Thursday, March 26, 2009

Wendy Warr report on ONS from Fall 08 ACS meeting

Wendy Warr has provided a thorough report from the Fall 2008 American Chemical Society meeting in Philadelphia. My talk "Processing drug discovery raw data collaboratively and openly using Open Notebook Science" is summarized on p.10 as part of a special extract of talks and companies.

Wendy has covered a lot of material related to cheminformatics in the full report and is worth looking over if you missed the conference.

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Wednesday, March 18, 2009

Chemistry publication - making the revolution

Steven Bachrach has just published a very interesting commentary "Chemistry publication - making the revolution" on March 17, 2009 in the new Journal of Cheminformatics (I am on the editorial board).

The article does a great job of highlighting the current state of affairs in chemistry which is creating a chasm between researchers and the data they could be using. There are suggestions of steps that can be taken by researchers, reviewers and editors. Although Open Notebook Science is mentioned, there are several less intensive steps that can be taken to still benefit the community. Steven mentions the submission of JCAMP-DX files instead of PDFs when submitting spectra as supplementary materials for publications. I agree that this is a very low barrier step that chemists can take to gain immediate benefit - whether they share their spectra or not. At that point it also becomes trivial to contribute spectra to databases like ChemSpider that supports the open JCAMP-DX format - hopefully as Open Data (so that it can be used in applications such as our SpectralGame)

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Friday, March 13, 2009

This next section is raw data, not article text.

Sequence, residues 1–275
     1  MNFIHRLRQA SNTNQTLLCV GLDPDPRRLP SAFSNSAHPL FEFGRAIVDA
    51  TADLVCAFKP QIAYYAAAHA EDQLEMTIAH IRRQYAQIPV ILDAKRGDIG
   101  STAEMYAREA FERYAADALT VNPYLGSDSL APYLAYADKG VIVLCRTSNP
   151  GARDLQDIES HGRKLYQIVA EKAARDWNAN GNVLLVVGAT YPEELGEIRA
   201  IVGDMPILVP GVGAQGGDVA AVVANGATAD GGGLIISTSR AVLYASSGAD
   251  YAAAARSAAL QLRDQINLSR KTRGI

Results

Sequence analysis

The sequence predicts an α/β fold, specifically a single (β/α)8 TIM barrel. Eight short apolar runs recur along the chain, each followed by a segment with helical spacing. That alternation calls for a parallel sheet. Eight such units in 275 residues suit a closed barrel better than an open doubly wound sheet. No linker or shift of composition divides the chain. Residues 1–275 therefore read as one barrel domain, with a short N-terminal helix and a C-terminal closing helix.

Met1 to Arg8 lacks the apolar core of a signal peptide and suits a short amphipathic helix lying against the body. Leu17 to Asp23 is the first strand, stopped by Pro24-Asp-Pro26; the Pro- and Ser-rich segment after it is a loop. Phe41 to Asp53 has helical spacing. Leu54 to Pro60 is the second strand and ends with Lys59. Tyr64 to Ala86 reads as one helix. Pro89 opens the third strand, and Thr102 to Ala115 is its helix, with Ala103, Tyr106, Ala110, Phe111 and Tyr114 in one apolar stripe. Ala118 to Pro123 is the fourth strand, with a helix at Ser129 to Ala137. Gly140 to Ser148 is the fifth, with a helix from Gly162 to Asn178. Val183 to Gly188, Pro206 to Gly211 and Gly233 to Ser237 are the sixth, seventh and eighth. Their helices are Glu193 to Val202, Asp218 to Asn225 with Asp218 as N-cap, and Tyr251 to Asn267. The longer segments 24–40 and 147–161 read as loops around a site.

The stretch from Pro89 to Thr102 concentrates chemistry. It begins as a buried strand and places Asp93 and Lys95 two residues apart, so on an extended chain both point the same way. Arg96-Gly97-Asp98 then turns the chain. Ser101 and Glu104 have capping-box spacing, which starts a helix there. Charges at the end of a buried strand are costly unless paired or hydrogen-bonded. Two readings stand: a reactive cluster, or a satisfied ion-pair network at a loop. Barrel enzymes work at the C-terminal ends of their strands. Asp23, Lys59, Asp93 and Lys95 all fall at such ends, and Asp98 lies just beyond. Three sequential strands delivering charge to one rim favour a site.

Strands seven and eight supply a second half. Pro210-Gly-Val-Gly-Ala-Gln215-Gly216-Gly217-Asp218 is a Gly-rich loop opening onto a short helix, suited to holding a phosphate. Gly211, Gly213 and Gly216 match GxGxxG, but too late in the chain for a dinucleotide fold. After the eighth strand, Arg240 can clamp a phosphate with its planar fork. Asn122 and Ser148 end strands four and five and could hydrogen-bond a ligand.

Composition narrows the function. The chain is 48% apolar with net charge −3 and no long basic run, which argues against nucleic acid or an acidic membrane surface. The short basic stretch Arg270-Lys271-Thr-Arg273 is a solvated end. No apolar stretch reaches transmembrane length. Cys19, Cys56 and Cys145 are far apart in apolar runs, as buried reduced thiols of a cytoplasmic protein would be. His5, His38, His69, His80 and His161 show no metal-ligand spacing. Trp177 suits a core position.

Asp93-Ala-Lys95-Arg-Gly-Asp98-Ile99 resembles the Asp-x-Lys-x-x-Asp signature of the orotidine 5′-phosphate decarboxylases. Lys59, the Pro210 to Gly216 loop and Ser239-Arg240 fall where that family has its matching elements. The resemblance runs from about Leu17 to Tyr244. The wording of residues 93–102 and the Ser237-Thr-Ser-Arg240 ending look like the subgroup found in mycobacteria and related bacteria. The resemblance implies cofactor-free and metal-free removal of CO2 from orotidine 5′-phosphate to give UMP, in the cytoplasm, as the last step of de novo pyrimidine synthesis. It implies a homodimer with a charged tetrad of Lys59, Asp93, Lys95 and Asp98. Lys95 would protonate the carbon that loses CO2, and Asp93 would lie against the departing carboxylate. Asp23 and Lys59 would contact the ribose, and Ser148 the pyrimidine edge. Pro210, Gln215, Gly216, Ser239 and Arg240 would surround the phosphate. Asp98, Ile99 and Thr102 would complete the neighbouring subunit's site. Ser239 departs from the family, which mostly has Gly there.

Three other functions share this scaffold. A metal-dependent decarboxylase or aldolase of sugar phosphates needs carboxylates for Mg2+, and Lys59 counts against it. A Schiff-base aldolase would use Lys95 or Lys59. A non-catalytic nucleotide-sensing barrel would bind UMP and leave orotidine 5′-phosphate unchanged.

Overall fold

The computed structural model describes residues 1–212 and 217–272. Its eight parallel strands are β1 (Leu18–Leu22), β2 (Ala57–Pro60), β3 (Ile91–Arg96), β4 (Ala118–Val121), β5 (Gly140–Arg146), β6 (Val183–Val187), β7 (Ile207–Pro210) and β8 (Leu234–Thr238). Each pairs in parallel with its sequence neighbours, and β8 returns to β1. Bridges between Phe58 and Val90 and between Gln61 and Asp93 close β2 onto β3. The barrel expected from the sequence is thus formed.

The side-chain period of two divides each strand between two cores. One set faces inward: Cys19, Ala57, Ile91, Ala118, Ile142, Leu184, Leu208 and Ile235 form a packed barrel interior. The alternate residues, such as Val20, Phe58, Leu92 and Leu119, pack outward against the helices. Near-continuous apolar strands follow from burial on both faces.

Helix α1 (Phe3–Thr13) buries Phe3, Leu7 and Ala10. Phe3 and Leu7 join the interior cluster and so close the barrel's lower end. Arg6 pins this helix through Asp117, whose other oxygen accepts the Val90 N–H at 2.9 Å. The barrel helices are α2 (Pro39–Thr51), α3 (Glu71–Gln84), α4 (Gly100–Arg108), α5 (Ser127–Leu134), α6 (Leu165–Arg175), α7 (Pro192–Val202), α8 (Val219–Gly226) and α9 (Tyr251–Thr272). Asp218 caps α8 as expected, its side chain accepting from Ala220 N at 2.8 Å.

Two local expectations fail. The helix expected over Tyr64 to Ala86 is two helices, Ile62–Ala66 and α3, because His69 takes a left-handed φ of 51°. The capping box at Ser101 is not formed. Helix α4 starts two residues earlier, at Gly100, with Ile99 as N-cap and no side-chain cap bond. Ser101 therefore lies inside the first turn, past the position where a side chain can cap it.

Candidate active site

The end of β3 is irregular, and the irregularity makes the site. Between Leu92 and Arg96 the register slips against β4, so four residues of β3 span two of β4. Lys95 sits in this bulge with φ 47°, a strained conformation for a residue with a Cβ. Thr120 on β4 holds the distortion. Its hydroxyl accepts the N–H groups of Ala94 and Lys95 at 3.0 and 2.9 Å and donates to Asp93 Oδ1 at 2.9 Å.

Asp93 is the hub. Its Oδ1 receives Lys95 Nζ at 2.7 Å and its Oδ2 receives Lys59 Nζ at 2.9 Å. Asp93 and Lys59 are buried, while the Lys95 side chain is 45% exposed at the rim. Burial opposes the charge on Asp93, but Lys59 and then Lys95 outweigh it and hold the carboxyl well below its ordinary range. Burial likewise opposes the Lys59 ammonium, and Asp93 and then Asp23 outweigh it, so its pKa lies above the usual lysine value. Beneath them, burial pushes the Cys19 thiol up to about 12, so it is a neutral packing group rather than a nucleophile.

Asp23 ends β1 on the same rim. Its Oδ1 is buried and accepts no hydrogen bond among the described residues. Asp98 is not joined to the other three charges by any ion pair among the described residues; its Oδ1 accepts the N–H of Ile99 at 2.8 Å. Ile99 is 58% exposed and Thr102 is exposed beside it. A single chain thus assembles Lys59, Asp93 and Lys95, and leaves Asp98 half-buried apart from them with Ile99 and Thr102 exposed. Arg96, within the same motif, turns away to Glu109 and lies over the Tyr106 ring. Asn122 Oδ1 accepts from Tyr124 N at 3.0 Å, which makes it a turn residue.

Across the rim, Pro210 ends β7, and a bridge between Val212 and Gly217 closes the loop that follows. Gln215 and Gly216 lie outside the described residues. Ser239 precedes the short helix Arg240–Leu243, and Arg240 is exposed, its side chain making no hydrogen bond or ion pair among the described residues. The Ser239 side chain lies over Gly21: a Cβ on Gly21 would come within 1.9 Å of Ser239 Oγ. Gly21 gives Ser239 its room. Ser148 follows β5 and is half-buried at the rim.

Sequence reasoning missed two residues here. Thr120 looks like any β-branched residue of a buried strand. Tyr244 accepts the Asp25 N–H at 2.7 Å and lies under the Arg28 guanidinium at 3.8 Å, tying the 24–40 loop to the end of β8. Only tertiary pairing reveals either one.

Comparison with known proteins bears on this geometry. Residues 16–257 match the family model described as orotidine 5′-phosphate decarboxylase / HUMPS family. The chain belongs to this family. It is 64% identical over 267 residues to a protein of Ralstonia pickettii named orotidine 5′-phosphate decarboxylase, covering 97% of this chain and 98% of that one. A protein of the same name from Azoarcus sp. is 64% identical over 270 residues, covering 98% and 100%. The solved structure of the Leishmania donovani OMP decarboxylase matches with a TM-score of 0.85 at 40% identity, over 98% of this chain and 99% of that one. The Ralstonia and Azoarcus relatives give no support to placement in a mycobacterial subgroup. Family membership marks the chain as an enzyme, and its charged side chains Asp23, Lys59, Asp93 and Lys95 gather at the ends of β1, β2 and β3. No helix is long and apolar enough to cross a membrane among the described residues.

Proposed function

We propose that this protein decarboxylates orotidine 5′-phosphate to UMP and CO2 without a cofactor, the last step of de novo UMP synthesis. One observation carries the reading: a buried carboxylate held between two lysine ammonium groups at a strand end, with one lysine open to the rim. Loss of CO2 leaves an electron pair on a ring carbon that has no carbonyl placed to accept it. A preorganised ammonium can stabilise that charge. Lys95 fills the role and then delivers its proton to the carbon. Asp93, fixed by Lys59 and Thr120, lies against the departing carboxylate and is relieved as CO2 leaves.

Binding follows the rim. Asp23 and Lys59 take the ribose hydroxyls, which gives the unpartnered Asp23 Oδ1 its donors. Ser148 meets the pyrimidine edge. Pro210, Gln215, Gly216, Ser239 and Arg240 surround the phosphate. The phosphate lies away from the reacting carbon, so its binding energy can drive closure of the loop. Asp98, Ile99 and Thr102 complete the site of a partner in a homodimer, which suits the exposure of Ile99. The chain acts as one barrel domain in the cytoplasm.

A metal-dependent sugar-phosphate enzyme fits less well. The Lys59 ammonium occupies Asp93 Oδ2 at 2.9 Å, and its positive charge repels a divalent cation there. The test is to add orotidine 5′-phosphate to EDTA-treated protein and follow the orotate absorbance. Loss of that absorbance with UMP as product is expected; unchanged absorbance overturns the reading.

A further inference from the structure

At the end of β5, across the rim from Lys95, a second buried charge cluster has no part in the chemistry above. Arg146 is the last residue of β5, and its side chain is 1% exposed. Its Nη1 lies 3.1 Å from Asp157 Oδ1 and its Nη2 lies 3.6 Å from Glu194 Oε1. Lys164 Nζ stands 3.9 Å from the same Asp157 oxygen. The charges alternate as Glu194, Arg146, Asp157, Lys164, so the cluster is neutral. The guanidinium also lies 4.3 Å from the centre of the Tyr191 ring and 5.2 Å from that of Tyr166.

CDD's Pay for Privacy Model

Barry Bunin and co-authors Moses Hohman, Kellan Gregory, Kelly Chibale, Peter J. Smith and Sean Ekins just published an article in the March 2009 issue of Drug Discovery Today: Novel web-based tools combining chemistry informatics, biology and social networks for drug discovery.

This is a must-read for the Open Science community involved with drug discovery. Barry reviews several relevant online resources and details the workings of the Collaborative Drug Discovery system.

The point that I thought was most interesting is that Barry reports that CDD now has a policy of allowing unlimited uploading of data by non-subscribers. Researchers pay for privacy, which is a model that I think works well for a number of Web2.0 applications. For example, Wikispaces works that way. Since most users will likely want to limit their data sharing between selected collaborators, this is a good way to get the word out by groups who don't mind sharing publicly.

There are a few case studies in the article, including our UsefulChem project and our collaboration with Rajarshi Guha at Indiana University and Philip Rosenthal at UCSF to find new anti-malarial compounds. Barry illustrates the point with the assay results for one of our Ugi products:


Thursday, March 12, 2009

Spectral Game Winners

Following up on my last post about the SpectralGame, I have given out 2 molecular model kits to the highest scoring students in my CHEM242 class.

The first winner was Scott Beaudoin with 24 points followed by HaeJi Choi with 17 points.

The current high scores for the Drexel students can be accessed here. High scores from everyone in the world can be found here. The top score is currently 40 by VK.

Andy and Tony continue to fine tune the operation of the game. The recent introduction of a "Reload Spectrum" button below the molecules prevents the game from stopping prematurely if the spectrum won't load for any reason.

We still welcome contributions of spectra (NMR, IR, UV, MS, etc.) and players!

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Andy and Shirley's new ONS Logos